inferred_input_shapes, inferred_input_dtypes = model_variant.inputs
    assert inferred_input_shapes == {"input:0": [-1, 3, 224, 224]}
    assert inferred_input_dtypes == {"input:0": "float32"}

    # Disambiguate the inputs. Notice the -1 has been replaced by 1.
    input_shapes = {"input:0": [1, 3, 224, 224]}
    input_dtypes = {"input:0": "float32"}

    # Benchmark the model and get results. Mobilenet is a small and simple model,
    # so this should return quickly.
    benchmark_workflow = model_variant.benchmark(
        platform=platform,
        input_shapes=input_shapes,
        input_dtypes=input_dtypes,
    )
    print("Benchmarking using ONNX-RT...")
    benchmark_workflow.wait()
    if not benchmark_workflow.completed():
        raise RuntimeError(
            f"Workflow did not complete, status is {benchmark_workflow.status()}"
        )
    metrics = benchmark_workflow.metrics()
    print(f"ONNX-RT benchmark metrics:\n{metrics}")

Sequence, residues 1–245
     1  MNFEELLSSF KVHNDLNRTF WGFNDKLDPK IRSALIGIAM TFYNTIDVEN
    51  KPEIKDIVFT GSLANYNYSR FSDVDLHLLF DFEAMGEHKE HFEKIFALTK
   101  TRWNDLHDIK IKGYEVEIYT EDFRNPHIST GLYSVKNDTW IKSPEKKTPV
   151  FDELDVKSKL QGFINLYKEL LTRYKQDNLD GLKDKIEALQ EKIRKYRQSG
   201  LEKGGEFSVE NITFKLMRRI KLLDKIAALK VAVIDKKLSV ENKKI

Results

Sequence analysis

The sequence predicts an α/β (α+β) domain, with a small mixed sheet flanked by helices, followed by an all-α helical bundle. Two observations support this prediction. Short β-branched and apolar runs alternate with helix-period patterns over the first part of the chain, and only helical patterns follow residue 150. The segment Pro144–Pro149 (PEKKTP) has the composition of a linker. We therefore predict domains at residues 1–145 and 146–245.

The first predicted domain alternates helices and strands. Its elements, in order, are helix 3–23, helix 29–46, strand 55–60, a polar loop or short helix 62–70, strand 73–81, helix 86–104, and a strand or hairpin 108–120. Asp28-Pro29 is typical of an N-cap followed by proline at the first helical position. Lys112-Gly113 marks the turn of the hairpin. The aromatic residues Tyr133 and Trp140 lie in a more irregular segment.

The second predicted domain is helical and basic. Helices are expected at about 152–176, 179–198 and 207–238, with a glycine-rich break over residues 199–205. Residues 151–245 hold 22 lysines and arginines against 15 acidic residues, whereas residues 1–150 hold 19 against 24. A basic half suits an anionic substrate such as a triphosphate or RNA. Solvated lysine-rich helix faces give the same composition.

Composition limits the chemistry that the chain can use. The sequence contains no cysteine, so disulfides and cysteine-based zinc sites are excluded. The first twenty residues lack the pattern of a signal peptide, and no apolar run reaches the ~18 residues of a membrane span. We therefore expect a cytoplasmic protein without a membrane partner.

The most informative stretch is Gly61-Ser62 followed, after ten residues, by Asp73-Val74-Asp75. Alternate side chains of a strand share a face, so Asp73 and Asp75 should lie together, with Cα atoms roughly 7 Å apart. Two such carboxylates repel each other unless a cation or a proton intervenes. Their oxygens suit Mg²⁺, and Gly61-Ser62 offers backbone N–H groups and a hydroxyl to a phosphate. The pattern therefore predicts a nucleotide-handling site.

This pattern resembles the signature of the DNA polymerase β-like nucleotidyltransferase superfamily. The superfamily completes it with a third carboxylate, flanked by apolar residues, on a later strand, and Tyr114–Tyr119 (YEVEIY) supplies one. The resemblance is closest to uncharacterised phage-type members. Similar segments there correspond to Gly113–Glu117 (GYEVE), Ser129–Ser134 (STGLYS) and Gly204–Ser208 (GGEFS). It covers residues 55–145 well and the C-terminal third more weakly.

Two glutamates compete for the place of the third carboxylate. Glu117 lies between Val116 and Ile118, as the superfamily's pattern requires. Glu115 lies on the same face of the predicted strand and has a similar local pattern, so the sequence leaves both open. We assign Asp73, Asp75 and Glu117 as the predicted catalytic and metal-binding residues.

# Octomize the model. Since this is a small model and this is only an example,
    # we set the values in `tuning_options` ridiculously low so it does not take too long to
    # complete. Normally these values would be much higher (the defaults are 1000 and 250,
    # respectively).
    #
    # If you want to autogenerate a specific type of package (default is Python) you can add
    # package_type=octomizer.model_variant.PackageType.PYTHON_PACKAGE or LINUX_SHARED_OBJECT.
    # See the python API documentation for the full list of tuning options.
    octomize_workflow = model_variant.octomize(
        platform,